AT&T Aims to Break Up Cable's Triple Play - TheStreet

Cable operators have high hopes for advanced services, but a pair of telephone companies reminded them this week that they don't have the luxury of operating in a vacuum.


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said Monday that it is expanding a combined telephone and video service package to Florida and Texas, bringing the bundle to a total of eight states. Separately,


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said it would introduce a voice-over-Internet-protocol-based phone service to customers in New Jersey, the first step of a planned nationwide VoIP rollout.

The two plans erect another hurdle in front of big cable operators such as

Time Warner




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, which are intent on bolstering their slow-growing core cable franchises with a growing array of services.

Verizon's offer -- in conjunction with the



home satellite service -- represents yet another source of competition for cable's core multichannel video business, which has been showing minimal growth over the past few years. Meanwhile AT&T's product, which requires a high-speed Internet connection, adds an established, name-brand competitor to the telephone service that major cable operators are in various stages of rolling out. It thus poses one more threat to one of the several revenue streams that operators are looking to to counter the anemic basic business.

Fast Forward

Cable companies could feel the pinch soon. Verizon's launch of the DirecTV bundle -- making it available to an estimated 14 million residential access lines since its February debut -- could, along with a similar deal between telco



and satellite operator


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, have an impact as early as the second quarter, says Credit Suisse First Boston analyst Lara Warner.

"We believe that Verizon's ramping rollout of its video bundle in March," Warner wrote in a Tuesday note, "represents a further escalation of the competitive battle between cable operators and the RBOCs," or regional Bell operating companies.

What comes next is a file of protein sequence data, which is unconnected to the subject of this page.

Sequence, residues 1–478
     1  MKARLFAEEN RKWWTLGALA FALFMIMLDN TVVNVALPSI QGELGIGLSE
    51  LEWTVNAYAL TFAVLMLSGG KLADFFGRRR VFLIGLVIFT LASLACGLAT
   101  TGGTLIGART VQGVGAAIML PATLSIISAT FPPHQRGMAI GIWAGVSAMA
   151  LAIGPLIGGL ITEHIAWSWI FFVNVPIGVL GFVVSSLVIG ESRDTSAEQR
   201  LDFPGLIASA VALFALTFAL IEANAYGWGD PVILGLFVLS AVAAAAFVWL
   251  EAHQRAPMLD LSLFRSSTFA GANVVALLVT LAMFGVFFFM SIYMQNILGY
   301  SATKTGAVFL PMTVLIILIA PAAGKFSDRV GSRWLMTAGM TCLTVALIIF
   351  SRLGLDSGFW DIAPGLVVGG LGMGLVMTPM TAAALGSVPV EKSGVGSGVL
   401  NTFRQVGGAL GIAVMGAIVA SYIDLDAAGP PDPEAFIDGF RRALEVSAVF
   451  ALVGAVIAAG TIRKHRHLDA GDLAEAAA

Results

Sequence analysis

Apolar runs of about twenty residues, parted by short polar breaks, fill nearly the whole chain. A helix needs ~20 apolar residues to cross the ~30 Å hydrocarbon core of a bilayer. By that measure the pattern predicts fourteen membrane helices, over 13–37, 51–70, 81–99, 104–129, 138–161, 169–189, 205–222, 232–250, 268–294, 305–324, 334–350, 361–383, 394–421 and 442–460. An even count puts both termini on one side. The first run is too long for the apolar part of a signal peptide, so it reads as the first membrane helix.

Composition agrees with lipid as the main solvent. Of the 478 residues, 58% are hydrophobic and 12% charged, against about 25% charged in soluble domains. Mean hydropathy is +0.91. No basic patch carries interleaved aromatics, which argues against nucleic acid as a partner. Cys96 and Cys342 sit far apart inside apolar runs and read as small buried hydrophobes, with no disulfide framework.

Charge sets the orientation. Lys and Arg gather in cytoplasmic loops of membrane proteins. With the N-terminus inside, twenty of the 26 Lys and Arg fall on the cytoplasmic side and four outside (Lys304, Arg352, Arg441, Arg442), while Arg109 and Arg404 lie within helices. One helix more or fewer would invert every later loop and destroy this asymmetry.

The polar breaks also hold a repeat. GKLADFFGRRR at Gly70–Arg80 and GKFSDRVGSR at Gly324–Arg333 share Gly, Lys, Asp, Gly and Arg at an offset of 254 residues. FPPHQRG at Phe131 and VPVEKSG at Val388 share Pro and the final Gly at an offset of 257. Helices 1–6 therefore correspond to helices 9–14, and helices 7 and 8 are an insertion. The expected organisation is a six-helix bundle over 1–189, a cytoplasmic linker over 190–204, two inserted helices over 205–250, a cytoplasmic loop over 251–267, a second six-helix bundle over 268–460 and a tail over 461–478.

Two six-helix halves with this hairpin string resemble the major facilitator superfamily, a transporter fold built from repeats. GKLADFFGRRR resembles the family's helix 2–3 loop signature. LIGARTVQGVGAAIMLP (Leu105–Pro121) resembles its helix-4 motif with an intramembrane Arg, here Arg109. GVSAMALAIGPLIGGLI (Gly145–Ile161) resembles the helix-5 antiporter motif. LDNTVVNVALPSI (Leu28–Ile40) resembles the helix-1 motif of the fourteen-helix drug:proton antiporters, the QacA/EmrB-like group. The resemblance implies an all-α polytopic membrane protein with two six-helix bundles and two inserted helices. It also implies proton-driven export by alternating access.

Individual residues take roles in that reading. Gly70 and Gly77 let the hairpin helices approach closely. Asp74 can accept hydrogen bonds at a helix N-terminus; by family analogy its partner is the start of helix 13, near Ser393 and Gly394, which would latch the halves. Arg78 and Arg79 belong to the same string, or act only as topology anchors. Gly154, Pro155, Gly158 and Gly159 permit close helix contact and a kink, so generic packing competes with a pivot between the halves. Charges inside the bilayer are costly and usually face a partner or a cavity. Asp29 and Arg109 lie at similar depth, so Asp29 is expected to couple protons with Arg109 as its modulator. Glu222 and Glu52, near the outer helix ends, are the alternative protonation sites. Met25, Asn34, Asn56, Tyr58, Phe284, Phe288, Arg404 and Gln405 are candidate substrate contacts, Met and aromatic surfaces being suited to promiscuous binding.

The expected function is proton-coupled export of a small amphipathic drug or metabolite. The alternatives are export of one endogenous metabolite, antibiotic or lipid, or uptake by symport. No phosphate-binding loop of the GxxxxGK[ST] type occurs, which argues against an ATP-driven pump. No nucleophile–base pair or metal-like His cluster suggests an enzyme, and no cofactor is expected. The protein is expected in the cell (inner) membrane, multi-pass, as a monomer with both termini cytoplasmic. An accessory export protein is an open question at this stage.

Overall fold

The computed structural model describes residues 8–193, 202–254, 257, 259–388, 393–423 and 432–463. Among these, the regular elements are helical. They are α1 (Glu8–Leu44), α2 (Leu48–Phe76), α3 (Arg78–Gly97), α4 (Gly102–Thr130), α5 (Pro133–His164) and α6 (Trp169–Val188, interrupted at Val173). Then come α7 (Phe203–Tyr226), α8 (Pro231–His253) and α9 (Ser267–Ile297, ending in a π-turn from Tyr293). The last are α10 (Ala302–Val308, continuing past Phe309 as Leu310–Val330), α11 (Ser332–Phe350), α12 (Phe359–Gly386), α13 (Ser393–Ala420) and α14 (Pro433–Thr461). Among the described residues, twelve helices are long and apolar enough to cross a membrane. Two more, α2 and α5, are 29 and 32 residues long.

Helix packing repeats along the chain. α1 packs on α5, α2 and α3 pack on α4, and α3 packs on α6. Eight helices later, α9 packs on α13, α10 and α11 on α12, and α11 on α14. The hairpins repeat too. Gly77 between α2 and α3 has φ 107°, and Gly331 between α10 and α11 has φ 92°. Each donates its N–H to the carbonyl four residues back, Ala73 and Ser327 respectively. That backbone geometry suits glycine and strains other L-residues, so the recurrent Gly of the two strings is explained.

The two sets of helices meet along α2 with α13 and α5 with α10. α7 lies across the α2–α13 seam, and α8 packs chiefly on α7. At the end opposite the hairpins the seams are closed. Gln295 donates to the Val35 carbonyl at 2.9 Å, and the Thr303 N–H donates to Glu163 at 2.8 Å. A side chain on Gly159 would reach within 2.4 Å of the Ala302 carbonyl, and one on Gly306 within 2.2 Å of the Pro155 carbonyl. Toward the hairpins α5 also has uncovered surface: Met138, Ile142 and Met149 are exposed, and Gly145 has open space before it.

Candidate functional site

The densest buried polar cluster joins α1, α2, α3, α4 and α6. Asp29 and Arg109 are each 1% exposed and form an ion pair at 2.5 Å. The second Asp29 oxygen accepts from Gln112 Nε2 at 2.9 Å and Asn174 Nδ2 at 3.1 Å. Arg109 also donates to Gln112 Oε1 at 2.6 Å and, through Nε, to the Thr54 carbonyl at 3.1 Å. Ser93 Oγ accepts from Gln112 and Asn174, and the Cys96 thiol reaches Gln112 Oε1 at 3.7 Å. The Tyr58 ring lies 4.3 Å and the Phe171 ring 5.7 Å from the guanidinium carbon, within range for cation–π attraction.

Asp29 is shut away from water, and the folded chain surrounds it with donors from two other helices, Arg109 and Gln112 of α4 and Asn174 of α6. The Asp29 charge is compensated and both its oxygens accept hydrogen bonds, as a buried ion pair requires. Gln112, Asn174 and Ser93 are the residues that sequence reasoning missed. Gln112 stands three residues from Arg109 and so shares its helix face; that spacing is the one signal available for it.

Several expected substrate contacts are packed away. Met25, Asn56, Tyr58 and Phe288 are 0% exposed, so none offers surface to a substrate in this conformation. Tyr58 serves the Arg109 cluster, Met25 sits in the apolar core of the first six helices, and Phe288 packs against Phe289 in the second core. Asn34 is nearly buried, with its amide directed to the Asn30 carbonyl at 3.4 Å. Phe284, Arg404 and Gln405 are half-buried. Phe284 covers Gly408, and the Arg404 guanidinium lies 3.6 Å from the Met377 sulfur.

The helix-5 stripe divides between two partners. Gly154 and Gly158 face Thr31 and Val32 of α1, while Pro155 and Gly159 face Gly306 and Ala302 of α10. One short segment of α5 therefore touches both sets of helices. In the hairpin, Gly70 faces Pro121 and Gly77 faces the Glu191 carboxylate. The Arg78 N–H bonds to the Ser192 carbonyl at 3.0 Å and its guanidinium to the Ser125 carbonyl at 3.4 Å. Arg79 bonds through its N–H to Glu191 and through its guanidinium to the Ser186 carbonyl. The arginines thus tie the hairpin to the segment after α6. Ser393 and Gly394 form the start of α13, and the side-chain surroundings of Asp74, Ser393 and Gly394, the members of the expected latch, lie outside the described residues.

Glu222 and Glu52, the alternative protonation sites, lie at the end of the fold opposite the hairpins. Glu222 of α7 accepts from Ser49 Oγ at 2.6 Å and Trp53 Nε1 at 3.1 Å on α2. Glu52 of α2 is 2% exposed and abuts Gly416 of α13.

The degree of threat that the telecom-satellite bundles pose to cable, however, is under debate. In theory, combining multichannel video from a satellite service with telephone service and high-speed Internet access from a local telephone company directly challenges the video-Internet-telephony "triple-play" bundle that operators such as



(using older telelphone technology) say increases per-household revenue and cuts customer defections.

Cable operators, however, say that the reality never lives up to the theory, since it's harder for two companies to coordinate the marketing, technology and customer service functions necessary to create a seamless offering.

Verizon, in its announcement Monday, said customers would initally receive bundling discounts in separate Verizon and DirecTV bills. The companies hope to combine their billing on Verizon bills later this year.

Verizon says its bundled price for unlimited calling (locally, regionally and nationally), Internet access and a single DirecTV set-top box beats by $5 to $20 a month the prices of similar packages from major cable companies.

Tense Standoff

Warner notes that unlike SBC, Verizon isn't emphasizing wireless in its video bundle, because wireless hasn't been as successful a part of a video bundle as have wire-line voice and data services. That's important, she says, because cable operators can't offer wireless service without a third-party agreement of their own. (Warner's firm has done recent investment banking for both Verizon and AT&T; she has neutral ratings on AT&T, Cox, SBC and DirecTV, and an outperform rating on Verizon.)

AT&T's entry into VoIP, meanwhile, spotlights increased competition for unlimited local and domestic calling -- the types of packages cable operators are offering. AT&T, notably, is offering a special introductory rate to early subscribers of $19.99 a month for six months, a 50% discount to the evenutal price for the service.

UBS analyst Aryeh Bourkoff notes that Cablevision charges $34.95 per month for its VoIP offering, while Time Warner charges $39.95.

"We believe that AT&T's initial VoIP launch represents the beginning of the competitive battle between larger VoIP operators and the RBOCs for local voice market share," wrote Warner. "We believe the competitive environment for local service will continue to intensify over at least the next several years as VoIP-based competitors ramp their service offerings."